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Al-Qaida Reasserts Itself With Khorasan Group

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Al-Qaida Reasserts Itself With Khorasan Group

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Al-Qaida Reasserts Itself With Khorasan Group

Al-Qaida Reasserts Itself With Khorasan Group

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  • <iframe src="https://www.npr.org/player/embed/353498827/353538229" width="100%" height="290" frameborder="0" scrolling="no" title="NPR embedded audio player">
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Supporters of the al-Nusra Front protest in Aleppo, Syria, on Sept. 26, days after airstrikes there targeted the al-Qaida unit called Khorasan. U.S. officials say some top Khorasan leaders were embedded with the Nusra Front, al-Qaida's arm in Syria. Fadi al-Halabi/AFP/Getty Images hide caption

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Fadi al-Halabi/AFP/Getty Images

Supporters of the al-Nusra Front protest in Aleppo, Syria, on Sept. 26, days after airstrikes there targeted the al-Qaida unit called Khorasan. U.S. officials say some top Khorasan leaders were embedded with the Nusra Front, al-Qaida's arm in Syria.

Fadi al-Halabi/AFP/Getty Images

One of the first targets of U.S. airstrikes in Syria was an al-Qaida unit that American officials call the Khorasan Group. Because few outside the intelligence community had ever heard of it, some critics have said Khorasan was created out of whole cloth to give the U.S. an excuse to bomb Syria.

They aren't alone: Rebel fighters on the ground say they have never heard of Khorasan. Others claim it's just another name for what's been known for years as Core al-Qaida, the branch of the terrorist group led by Ayman al-Zawahiri that Obama administration officials have claimed the U.S. decimated years ago.

"We've been watching this group for a long time," Pentagon spokesman Rear Adm. John Kirby said in a news conference this week. "I can't account for the fact that it wasn't a household name in America or elsewhere around the world. The notion that we would just, you know, make them up or fancify the threat that they posed, you know, to justify a military action is just absolutely ridiculous."

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In fact, two intelligence officials told NPR that the U.S. military's Joint Special Operations Command felt Khorasan was a serious enough threat to put together a target list in June. The list included some of the group's leaders who were embedded — one U.S. official familiar with the intelligence used the word "nested" — with members of al-Qaida's arm in Syria, a group called the al-Nusra Front. The proposed U.S. mission to strike Khorasan didn't get far because, at the time, the White House wasn't ready to launch strikes in Syria or Iraq.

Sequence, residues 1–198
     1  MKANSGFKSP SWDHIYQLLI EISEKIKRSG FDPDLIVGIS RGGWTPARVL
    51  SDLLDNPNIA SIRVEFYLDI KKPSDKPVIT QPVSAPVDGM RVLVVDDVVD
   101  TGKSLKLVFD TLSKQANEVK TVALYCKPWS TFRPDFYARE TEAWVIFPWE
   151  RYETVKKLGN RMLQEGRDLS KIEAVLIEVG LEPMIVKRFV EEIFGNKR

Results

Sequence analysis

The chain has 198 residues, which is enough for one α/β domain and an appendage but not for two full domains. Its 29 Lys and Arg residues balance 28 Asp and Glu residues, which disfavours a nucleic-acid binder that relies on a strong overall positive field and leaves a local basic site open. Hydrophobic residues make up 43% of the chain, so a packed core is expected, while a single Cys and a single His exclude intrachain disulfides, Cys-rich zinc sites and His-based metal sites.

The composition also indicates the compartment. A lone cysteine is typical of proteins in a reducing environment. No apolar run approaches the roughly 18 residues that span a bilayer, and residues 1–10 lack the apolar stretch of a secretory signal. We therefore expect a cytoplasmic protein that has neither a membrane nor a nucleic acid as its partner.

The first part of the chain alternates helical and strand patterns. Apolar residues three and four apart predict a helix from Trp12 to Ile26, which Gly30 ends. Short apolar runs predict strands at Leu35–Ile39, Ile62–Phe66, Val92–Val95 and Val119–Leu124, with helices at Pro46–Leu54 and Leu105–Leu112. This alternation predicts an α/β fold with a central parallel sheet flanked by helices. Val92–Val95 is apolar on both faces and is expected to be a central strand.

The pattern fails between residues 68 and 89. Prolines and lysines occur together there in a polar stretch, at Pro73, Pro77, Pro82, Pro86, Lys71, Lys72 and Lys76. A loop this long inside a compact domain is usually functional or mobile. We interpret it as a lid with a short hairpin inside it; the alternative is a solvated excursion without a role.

Officials and analysts say the group assuredly exists; and it is dangerous.

"Not much is known about them, so tracing their pedigree is difficult," said Bruce Hoffman, the head of the Security Studies Department at Georgetown University. "But that doesn't surprise me. Terrorist groups throughout history have used highly secretive clandestine strike units to do their bidding that were concealed even from the wider organization. Black September in the 1970s was never known at the time to be part of the Fatah or part of the PLO. It was very much a mystery organization and had multinational commando units, just like the fighters we understand Khorasan has."

The multinational nature of Khorasan — which includes Palestinians, Afghans, Chechnyans, Yemenis and Egyptians, just to name a few — is part of what is sparking concern among intelligence officials. They say there is some evidence to suggest that fighters who trained with a master bomb maker from al-Qaida's arm in Yemen have arrived in Syria to help Khorasan launch terrorist attacks against the West.

The target list that the Joint Special Operations Command put together this summer was in response to a concern that Khorasan would be able to put hard-to-detect bombs on airliners. The Transportation Safety Administration issued a warning in July for airlines to step up screening — though it did not say at the time that the threat had come from Khorasan.